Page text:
(1) See Rex v. Jenkin, Cases Temp. Hardw.301. 2 Str. 1050. S. C. But it has been shown that a general sessions does possess
of discharging the party upon application to them for an original order. See Rex v. Jenkin, supra, and the cases cited ib. by Lord Hardwicke. In Slater's case, there was an original order of sessions discharging the person who was charged to be the putative father. Two justices afterwards made an order affiliating the child upon him. This order was resolved to be void, and that originally made at sessions to be final. Cro. Car. 374. See ante, 315. (2), (3).
(2) See Rex v. Smith, 2 Bulst. 343.
is born, against immediate charges, and future expence, until it becomes settled in some other place. (1)
The remedies by which the child's maintenance may be forced from its parents, in consequence of an order of filiation, are: Ist, Security to indemnify the place to which the child is likely to become chargeable. 2nd, A recognizance. 3d, Commitment. 4th, Proceedings in the court of quarter sessions. 5th, In the court of king's bench, when the order is removed thither by certiorari. 6th, By sale of part of the father or mother's property for the child's support. 7th, By indictment.
I. Of Security to the Place to which the Child is chargeable.
The 18 Eliz. c. 3. enables the putative father and the form of secumother to put in surety to perform the order, or else per- 18 Eliz. sonally to appear at the sessions, &c. The act appears to refer only to one mode of putting in surety; and as that must be taken before a magistrate, in his judicial capacity, where the party binds himself to appear at the sessions, it seems probable that the only security intended by this statute was a recognizance, that is, a record whereby the recognisor acknowledges a debt to the crown, and which should be returned to the sessions by the justice who takes it. The constant practice, however, is for the parish to take a bond of indemnity, where an order is made under 18 Eliz. and the father is willing to give one. (2)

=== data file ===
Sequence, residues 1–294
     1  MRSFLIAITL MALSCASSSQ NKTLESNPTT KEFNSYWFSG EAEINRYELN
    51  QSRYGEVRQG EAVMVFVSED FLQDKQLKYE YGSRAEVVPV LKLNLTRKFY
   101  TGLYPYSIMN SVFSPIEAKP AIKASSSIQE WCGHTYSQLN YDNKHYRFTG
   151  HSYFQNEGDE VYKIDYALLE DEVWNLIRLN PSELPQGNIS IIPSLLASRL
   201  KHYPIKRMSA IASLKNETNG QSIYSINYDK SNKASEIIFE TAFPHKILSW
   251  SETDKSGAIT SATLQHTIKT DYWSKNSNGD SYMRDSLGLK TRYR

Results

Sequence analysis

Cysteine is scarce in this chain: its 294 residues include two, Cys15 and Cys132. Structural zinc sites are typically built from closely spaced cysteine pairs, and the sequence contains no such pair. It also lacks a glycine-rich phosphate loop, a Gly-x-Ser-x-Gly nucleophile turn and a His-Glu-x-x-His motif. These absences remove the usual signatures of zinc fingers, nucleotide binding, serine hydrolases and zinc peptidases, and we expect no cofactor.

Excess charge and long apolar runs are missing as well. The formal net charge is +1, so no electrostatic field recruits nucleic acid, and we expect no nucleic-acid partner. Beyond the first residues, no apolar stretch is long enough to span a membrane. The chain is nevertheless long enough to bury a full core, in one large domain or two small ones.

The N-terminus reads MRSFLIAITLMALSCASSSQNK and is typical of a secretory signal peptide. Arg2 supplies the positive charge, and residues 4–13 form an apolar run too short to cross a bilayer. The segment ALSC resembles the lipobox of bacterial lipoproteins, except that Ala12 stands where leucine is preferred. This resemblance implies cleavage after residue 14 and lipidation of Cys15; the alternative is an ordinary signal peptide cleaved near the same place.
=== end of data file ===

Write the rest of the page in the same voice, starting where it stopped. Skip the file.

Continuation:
(1) Rex v. St. Mary's Nottingham, 13 East, 57. Rex v. Greaves, Nels. Bast.
(2) It is laid down by Jones J. that the justices may either take a bond or recognizance, Smith's case, 2 Bulst. 342. 2 Const. 471. Pl.615. See also the words of Lord Hardwicke C. J. Rex v. Messenger, ib. 474. Pl. 623.
A voluntary bond to the parish officer conditioned to pay a certain sum quarterly, so long as and until the bastard should be deemed capable of providing for itself, has recently been held good. (1) So likewise to pay a weekly sum long as the child shall continue chargeable. (2)
Under 6 Geo. II.
The 6 Geo. II. c.31. and 49 Geo. III. c. 68. expressly allow the putative father either to give security to indemnify the parish, or else to enter into a recognizance; which, according to the last act, is to appear at the ensuing sessions, to abide and perform such order as shall be then made in pursuance of 18 Eliz. c. 3.
54 Geo.IlI. c.170. s.3. Action by overseers on bastardy securities.